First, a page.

KUALA LUMPUR (Reuters) - The submerged reef would be easy to miss, under turquoise seas about 80 km (50 miles) off Malaysia’s Borneo island state of Sarawak.
But two Chinese naval exercises in less than a year around the James Shoal have shocked Malaysia and led to a significant shift in its approach to China’s claims to the disputed South China Sea, senior diplomats told Reuters. The reef lies outside Malaysia’s territorial waters but inside its 200 nautical mile exclusive economic zone.
The latest incident in January, in particular, prompted Malaysia to quietly step up cooperation with the Philippines and Vietnam, the two Southeast Asian nations most outspoken over China’s moves in the region, in trying to tie Beijing to binding rules of conduct in the South China Sea, the diplomats said.
Beijing’s growing naval assertiveness could also push Malaysia closer to the United States, its top security ally, thus deepening divisions between Southeast Asia and China over the potentially mineral-rich waters.
Malaysia has traditionally played down security concerns in pursuit of closer economic ties with China, its biggest trade partner.
The James Shoal, which China calls Zengmu Reef, is 1,800 km (1,100 miles) from mainland China. It is closer to Malaysia, Brunei, Singapore, the Philippines, Vietnam and Indonesia - nearly all of Southeast Asia - than it is to China’s coast.
Nevertheless, Beijing regards those waters as its southernmost territory, the bottom of a looping so-called nine-dash line on maps that comprise 90 percent of the 3.5 million sq km (1.35 million sq mile) South China Sea.
Pictures from China’s state media on January 26 showed hundreds of Chinese sailors standing to attention on a warship’s deck, backed by two destroyers and a helicopter that was reported to be at James Shoal.
Malaysia’s navy chief denied the Chinese media reports at the time, telling state news agency Bernama the ships were far from Malaysian waters, which are rich in the oil and gas that power the nation’s economy. He may have been able to deny the incursion because Malaysian forces did not monitor or sight the Chinese flotilla, security analysts said.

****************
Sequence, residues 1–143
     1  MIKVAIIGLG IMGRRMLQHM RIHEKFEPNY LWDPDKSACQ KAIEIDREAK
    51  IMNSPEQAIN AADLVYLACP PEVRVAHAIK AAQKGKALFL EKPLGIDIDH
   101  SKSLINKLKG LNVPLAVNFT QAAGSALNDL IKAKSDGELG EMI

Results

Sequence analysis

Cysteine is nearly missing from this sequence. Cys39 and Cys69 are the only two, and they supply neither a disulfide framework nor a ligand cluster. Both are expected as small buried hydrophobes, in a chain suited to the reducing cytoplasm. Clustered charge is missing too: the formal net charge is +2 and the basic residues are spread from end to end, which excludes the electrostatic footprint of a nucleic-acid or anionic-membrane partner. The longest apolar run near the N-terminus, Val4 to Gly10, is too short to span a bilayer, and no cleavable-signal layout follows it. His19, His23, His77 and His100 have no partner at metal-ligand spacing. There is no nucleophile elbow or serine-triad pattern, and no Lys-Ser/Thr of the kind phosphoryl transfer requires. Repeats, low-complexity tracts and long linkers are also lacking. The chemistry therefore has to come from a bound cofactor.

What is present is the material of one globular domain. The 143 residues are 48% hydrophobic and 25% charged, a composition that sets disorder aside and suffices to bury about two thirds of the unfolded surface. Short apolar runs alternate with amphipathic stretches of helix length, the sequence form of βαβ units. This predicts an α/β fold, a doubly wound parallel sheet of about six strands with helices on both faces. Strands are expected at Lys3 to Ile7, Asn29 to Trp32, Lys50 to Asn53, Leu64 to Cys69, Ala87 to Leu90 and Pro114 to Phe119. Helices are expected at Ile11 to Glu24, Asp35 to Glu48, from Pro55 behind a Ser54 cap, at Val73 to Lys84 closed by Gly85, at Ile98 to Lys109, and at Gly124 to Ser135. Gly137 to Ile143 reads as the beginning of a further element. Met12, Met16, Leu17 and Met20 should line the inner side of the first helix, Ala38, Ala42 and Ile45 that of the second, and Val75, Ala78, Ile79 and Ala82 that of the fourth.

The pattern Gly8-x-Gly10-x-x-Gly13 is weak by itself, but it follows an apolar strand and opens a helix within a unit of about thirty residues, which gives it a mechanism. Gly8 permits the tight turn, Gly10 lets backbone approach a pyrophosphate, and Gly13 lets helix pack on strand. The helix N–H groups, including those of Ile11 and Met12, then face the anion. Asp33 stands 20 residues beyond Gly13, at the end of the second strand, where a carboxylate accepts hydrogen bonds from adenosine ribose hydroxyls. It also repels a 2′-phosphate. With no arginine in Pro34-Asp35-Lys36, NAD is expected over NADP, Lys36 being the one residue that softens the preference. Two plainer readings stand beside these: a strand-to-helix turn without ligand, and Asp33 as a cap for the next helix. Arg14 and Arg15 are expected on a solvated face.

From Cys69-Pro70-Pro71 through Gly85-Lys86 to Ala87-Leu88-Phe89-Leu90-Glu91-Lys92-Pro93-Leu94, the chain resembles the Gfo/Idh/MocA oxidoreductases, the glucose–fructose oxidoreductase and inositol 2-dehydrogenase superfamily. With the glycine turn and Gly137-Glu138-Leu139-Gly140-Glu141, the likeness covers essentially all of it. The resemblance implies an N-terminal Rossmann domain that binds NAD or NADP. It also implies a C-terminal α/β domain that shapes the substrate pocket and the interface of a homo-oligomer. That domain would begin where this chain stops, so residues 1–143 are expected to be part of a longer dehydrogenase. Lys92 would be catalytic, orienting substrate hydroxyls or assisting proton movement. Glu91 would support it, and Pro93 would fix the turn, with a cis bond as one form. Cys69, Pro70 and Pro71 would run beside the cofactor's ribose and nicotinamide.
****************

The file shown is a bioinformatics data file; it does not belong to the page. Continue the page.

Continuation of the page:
But diplomatic and naval security sources have told Reuters the exercise by three warships, which included an oath-taking ceremony to defend China’s sovereignty, almost certainly took place at or close to James Shoal.
“It’s a wake-up call that it could happen to us and it is happening to us,” Tang Siew Mun, a foreign policy specialist at Malaysia’s Institute of Strategic and International Studies who advises the government, said of the recent incidents.
“For some time we believed in this special relationship ... James Shoal has shown to us over and again that when it comes to China protecting its sovereignty and national interest it’s a different ball game.”
Neither Malaysia’s Foreign Ministry nor the prime minister’s office responded to requests for comment.
While Malaysia’s public response to the January incident was typically low key, senior diplomats from other Southeast Asian nations said their Malaysian counterparts had been far more active since then in pushing for a common stance in talks with China over a code of conduct for the South China Sea.
Officials from the 10-member Association of Southeast Asian Nations (ASEAN) and China will resume negotiations in Singapore on March 18 after agreeing to accelerate talks last year that have made little headway so far.
The code is intended to bind China and ASEAN to detailed rules of behaviour at sea, reducing the chance of an escalation in tensions that could lead to conflict. China says it is sincere in trying to reach an agreement.
Malaysia, the Philippines, Vietnam, Brunei and Taiwan claim parts of the sea. All are members of ASEAN except Taiwan.
Less than a week after the January incident, Malaysian Foreign Minister Anifah Aman made a previously unannounced private visit to Manila to meet his Philippine counterpart, the Philippine Foreign Ministry said. The South China Sea issue was discussed, a ministry spokesman said.
Then on February 18, officials from the Philippines, Malaysia and Vietnam held a meeting to coordinate policy towards China on the maritime dispute and code of conduct, a diplomat with knowledge of the talks in Manila said.
“In the past it was only the Philippines and Vietnam that were pushing for this meeting, but now we see Malaysia getting involved,” said the diplomat.